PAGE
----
They are grieving the loss of the thing that gave focus and meaning to their lives.
Dancers are dedicated people, but they are not the only ones who feel a special bond to their work. They are also privileged in that not only do they love what they do but they can earn money doing it, which is rare in the working world. I understand that’s a tough thing to lose.
But many people who have been laid off, even those who don’t love their work as dancers do, often feel the same way – their work gave them a focus and meaning that vanishes when they are unemployed. When workers who’ve spent decades at one firm get fired, it’s like losing a part of themselves. They feel the same feelings described by the dancers in the NYT article, often accentuated by concerns about such matters as health insurance coverage. Marriages break down. People fall into severe depressions. I'm sorry that Ms. Flack lost her childhood dream. Other people are living in tent cities.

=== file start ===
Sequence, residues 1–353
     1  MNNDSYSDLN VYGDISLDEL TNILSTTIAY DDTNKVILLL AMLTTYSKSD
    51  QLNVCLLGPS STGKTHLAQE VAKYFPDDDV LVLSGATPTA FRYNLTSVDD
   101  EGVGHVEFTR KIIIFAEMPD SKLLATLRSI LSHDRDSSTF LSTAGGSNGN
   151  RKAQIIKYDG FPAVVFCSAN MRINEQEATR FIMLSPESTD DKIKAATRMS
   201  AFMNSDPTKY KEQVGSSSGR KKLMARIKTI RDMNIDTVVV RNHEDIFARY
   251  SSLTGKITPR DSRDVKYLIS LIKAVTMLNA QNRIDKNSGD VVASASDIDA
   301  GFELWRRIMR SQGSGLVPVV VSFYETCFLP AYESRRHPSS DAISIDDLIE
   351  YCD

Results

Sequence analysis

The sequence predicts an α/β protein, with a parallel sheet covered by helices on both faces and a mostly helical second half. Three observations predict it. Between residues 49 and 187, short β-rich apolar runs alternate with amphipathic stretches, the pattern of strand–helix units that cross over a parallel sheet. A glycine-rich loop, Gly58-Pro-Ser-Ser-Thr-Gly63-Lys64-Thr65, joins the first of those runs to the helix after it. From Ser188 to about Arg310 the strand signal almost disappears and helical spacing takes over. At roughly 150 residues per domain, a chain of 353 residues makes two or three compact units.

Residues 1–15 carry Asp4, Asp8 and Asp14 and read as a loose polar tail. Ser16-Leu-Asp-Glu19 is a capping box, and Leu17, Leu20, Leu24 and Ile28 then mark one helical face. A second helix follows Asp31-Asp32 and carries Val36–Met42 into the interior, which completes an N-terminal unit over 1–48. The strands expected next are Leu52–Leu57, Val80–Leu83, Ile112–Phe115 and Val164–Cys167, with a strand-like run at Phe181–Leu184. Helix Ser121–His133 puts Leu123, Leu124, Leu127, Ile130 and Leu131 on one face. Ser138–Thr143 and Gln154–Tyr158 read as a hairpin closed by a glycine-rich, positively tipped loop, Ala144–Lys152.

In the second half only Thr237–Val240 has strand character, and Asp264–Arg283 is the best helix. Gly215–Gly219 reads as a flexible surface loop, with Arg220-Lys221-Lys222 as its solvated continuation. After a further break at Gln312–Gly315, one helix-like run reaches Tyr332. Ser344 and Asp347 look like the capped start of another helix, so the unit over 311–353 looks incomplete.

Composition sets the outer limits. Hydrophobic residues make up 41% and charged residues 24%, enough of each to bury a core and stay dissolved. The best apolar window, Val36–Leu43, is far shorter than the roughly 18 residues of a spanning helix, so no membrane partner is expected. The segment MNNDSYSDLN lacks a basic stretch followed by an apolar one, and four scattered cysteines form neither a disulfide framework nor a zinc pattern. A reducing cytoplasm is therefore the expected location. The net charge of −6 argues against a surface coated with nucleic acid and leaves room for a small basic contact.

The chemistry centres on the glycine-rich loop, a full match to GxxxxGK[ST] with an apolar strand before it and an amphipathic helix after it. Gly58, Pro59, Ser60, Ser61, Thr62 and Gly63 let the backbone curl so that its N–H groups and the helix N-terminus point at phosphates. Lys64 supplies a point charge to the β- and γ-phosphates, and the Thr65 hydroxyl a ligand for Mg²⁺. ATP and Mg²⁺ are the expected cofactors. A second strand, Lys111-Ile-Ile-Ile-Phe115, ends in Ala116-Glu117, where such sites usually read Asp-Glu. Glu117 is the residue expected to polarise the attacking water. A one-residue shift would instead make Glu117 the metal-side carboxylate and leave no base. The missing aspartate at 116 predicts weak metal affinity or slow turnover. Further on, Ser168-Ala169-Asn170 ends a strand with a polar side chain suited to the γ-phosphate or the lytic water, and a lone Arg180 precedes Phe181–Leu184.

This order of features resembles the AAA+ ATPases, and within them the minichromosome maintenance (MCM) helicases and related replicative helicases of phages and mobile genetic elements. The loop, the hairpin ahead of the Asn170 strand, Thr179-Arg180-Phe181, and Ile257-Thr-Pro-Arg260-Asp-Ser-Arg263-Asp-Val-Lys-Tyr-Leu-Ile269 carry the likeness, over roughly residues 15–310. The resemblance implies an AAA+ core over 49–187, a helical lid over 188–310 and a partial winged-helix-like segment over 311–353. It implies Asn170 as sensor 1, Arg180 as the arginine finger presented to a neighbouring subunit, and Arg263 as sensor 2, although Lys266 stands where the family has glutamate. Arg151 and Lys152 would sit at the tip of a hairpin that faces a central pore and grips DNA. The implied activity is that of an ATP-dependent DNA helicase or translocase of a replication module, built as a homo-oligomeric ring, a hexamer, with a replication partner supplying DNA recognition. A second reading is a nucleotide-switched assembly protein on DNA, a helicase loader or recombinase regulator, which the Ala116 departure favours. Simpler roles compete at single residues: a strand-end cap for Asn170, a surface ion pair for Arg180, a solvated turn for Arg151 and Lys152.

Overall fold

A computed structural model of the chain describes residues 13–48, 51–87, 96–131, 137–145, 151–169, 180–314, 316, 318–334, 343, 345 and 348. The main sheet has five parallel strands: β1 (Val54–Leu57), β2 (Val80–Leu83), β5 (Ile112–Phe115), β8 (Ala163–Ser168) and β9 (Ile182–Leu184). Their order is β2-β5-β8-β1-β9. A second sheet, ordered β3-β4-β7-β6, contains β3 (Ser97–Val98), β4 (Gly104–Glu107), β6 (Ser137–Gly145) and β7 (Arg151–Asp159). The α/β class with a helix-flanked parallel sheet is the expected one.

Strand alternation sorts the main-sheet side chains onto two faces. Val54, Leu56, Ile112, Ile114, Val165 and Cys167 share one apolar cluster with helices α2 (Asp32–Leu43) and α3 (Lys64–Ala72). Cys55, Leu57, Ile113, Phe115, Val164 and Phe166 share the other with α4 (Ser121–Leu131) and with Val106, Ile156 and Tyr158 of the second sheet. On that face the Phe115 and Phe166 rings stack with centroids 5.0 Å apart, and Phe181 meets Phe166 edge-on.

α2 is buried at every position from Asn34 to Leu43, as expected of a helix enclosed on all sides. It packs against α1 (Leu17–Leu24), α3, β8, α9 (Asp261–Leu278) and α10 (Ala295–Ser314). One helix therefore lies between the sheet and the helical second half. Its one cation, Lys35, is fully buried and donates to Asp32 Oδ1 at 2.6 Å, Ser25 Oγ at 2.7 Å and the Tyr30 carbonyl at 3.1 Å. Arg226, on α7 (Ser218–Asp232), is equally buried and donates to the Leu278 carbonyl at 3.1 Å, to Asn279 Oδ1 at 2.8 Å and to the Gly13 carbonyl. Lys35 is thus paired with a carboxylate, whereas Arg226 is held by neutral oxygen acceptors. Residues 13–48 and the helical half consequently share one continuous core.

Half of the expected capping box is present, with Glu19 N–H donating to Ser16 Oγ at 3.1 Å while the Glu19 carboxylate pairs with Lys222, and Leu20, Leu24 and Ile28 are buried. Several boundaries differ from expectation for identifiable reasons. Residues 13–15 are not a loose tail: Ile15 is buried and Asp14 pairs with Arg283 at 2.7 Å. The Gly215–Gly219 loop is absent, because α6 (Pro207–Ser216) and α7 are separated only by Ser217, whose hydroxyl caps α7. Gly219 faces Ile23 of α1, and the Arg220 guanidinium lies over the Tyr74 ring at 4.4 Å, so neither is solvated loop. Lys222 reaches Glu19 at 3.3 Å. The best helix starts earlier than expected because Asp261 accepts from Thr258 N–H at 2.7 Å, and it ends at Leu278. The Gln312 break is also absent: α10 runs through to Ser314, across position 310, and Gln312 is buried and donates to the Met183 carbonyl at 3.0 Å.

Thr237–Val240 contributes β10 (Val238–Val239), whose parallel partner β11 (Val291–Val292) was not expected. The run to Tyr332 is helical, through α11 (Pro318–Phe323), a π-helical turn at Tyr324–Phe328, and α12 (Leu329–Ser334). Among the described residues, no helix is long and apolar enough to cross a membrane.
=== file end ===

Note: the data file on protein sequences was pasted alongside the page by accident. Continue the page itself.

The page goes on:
I know the fact that other people are worse off doesn't help much when you're the one in pain, and that's perfectly understandable. I don't think that we as observers should lose sight of the big picture, though.